Goldendale City Attorney,  Ken Harper, right, and City Manager Larry Bellamy eye the crowd that filled the council chambers Monday night.

Goldendale City Attorney, Ken Harper, right, and City Manager Larry Bellamy eye the crowd that filled the council chambers Monday night.

It was a marathon session of the Goldendale City Council last night. For a two solid hours, 30 people paraded up to the microphone to share their opinion in the public hearing required by the council’s passage a six-month moratorium on marijuana-related businesses in Goldendale. The meeting was unusual in that councilor Mike Cannon attended by telephone from out of town, and the city’s Yakima attorney, Ken Harper, was present for the evening.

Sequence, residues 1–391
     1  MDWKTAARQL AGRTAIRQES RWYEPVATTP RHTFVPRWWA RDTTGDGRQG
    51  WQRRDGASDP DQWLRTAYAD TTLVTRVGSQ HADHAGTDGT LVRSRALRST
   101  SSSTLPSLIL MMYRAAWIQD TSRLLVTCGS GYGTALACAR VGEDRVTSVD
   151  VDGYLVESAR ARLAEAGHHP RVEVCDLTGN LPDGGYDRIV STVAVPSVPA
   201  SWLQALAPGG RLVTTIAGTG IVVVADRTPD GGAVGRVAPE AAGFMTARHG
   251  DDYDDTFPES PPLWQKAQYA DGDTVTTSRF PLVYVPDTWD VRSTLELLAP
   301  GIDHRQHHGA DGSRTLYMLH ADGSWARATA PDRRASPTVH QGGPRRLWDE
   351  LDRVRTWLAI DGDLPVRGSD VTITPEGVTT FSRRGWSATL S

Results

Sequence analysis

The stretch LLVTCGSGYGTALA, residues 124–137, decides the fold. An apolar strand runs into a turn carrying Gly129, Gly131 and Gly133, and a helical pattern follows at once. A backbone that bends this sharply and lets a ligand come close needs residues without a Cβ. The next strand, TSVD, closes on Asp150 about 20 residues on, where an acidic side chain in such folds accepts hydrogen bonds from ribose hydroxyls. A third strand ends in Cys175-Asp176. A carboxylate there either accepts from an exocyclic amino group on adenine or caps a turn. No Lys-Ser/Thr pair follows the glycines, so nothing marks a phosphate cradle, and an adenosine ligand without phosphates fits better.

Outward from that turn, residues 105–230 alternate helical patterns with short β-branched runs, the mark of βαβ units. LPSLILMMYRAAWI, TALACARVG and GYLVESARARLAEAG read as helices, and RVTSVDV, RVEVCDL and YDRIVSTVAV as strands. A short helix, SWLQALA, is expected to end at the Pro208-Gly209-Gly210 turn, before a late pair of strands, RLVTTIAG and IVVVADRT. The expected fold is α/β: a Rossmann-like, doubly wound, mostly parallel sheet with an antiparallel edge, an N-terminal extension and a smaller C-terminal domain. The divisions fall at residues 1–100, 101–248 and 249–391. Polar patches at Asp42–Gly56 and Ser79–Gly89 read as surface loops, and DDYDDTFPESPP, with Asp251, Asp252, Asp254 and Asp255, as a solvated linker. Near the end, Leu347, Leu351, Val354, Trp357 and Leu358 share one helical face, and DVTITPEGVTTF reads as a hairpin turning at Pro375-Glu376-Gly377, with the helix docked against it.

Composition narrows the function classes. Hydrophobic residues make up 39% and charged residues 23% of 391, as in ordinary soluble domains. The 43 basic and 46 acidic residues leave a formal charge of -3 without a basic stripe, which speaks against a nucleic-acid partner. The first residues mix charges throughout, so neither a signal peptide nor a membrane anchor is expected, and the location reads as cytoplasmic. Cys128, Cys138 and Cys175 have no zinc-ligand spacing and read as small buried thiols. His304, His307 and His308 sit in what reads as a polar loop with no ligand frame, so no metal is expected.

Council members took no action following the tempest of testimony. Councilor Len Crawford suggested that the council convene an executive session, but the city attorney Harper said that it would not be legal to deliberate such a matter in executive session by itself. He suggested reviewing the night’s testimony to see if there were threats of possible litigation, which would be a legitimate reason for an executive session. Council members agreed if legal justification should be found, they would hold such a session next Monday night, October 27 at 7 p.m. The end of the testimony did not mean the end of the meeting, though. Three times, council members voted to extend the meeting in half-hour increments, in order to deal with several funding requests and to hold an executive session involving real estate negotiations in another matter.